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  • Where has he been regarding the introduction of changes in QOF?
    The development system is *designed* to make sure that there is no possibility of GPs being able to get on top of the current year's QOF!
    Decisions are made immediately before the end of the previous year - whether negotiated or imposed.
    The first draft version of the Rule-set is issued in June (but not allowed to be used for GP IT support) and the final version (for use by software suppliers) in early December.
    Oh just read my blog - http://maryhawking.wordpress.com/ - for the details!
    *This is not anything new - it is built into the DH system* - so I'll ask again - for those of you who *don't* read my blog - is the *system* designed to save the DH money by frustrating the efforts of GPs to jump through this year's hoops? or the alternative (which I find even more scarey) is DH incapable of thinking through the effects of the time-scales it imposes?

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  • andrew Field

    Nice blog Mary. You're not paranoid. In fact you're rather generous to even allow the reader to consider the possibility that it's not all about setting us impossible targets to claw money back. I'm in a reasonably high achieving practice but we expect to take a hit. I'm sure less efficient practices will be severely compromised and I think it's a lot to do with a push for more corporate number crunching super-market practices. How miserable!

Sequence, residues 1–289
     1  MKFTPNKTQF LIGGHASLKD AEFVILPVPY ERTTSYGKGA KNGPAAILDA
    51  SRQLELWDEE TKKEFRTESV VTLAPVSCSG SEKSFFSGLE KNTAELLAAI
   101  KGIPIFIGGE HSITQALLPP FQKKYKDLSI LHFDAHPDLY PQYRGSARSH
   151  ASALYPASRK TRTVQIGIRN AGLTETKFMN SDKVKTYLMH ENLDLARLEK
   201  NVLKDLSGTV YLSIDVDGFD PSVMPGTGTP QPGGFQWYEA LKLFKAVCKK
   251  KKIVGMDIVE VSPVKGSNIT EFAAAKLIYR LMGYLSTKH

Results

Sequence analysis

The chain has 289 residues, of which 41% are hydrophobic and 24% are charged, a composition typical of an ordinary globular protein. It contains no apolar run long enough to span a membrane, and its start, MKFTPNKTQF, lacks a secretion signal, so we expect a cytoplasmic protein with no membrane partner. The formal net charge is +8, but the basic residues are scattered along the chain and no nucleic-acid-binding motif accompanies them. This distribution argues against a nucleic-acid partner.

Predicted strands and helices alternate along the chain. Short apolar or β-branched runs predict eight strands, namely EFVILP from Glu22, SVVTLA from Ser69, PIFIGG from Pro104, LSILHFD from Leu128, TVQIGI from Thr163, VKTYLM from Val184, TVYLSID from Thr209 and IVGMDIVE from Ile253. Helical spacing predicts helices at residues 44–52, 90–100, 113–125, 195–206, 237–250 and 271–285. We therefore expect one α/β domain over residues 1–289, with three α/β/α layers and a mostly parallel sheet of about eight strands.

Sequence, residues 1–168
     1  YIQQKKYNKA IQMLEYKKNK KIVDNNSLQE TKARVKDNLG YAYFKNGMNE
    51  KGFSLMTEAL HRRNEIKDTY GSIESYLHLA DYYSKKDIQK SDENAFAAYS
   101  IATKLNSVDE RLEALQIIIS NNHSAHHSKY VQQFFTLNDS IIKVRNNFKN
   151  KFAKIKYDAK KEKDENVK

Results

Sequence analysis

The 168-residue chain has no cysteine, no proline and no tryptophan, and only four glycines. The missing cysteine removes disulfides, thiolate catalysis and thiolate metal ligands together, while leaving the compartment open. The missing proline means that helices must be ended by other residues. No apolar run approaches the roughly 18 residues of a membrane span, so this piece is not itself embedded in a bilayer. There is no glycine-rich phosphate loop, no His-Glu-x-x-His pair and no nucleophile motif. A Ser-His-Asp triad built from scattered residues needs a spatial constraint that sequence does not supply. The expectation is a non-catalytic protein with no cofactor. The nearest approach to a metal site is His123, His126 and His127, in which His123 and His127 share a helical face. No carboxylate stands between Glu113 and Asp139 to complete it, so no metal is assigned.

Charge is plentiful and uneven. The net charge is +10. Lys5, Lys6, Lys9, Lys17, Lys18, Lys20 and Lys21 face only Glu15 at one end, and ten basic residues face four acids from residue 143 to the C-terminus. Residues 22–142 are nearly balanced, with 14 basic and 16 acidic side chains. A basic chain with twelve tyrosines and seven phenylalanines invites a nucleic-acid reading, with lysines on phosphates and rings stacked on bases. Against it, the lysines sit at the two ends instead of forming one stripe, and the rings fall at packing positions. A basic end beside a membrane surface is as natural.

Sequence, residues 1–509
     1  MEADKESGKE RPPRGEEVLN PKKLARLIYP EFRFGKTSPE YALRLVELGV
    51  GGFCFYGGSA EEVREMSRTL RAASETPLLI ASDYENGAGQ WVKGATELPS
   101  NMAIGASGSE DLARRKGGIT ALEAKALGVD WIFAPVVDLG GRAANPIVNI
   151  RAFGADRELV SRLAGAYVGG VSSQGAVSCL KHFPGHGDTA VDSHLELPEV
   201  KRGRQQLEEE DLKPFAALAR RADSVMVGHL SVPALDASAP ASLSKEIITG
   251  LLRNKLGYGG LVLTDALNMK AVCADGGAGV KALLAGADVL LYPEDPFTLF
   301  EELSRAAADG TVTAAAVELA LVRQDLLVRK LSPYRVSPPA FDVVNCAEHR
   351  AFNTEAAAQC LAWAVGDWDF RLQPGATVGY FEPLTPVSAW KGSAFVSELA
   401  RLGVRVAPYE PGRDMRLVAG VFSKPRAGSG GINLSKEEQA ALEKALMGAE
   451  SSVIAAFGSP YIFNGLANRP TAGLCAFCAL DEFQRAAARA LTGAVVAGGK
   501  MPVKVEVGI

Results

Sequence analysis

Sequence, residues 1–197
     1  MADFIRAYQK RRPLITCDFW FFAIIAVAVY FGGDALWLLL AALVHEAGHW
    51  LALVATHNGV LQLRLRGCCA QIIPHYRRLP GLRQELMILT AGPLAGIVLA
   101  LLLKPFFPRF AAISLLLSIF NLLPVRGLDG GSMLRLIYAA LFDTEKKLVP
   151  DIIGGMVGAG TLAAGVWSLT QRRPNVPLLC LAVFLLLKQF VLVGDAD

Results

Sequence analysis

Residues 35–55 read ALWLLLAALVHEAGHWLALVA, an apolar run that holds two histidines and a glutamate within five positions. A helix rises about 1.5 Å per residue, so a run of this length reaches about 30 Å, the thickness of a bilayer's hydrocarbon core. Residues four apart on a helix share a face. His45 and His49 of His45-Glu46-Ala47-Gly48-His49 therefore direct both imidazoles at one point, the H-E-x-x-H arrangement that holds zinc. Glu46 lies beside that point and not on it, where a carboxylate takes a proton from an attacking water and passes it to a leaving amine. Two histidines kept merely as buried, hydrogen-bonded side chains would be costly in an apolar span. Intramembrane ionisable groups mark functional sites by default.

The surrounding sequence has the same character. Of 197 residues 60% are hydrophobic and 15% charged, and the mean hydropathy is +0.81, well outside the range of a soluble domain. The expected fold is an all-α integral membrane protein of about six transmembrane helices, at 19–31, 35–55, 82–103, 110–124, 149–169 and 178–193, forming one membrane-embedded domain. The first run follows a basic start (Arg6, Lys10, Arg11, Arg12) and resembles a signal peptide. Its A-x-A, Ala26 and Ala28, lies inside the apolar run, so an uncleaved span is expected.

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  • Harry Longman

    Dear GPs,
    I'm sorry life is tougher for you, but you must have known when you signed up to the new deal that since the dawn of history all incentive schemes have got tougher and the rewards less. Now it's happening that is no surprise. But look down: you aren't closing like the high street is closing, you aren't being made redundant like NHS managers, you aren't struggling to find work like most small professional businesses.
    And instead, do something to make your practices better for patients, better for you and more profitable too.

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  • Dear Harry, You obviously have little or no idea what a GP Practice does and seem to be just someone else working for compare the market dot com. I have been a Practice Manager for over 18 years and should not have to justify either my employers or my right to equitable pay and conditions. The only thing in your entire statement that could be compared to General Practice are the words "small businesses" We are just that, but now find ourselves working for little or no profit to reinvest. We do not struggle to find business but struggle to achieve the ever demanding political targets that ramp up the unnecessary business. We are expected to do this with ever dwindling resources. And yes we are now looking at redundancies in our current workforce and an ever increasing workload. And let me assure you we are at breaking point. Thanks for your tip regarding making ourselves better for our patients, perhaps if I felt you really understood what we did I could give you a few pointers that told you how to improve also.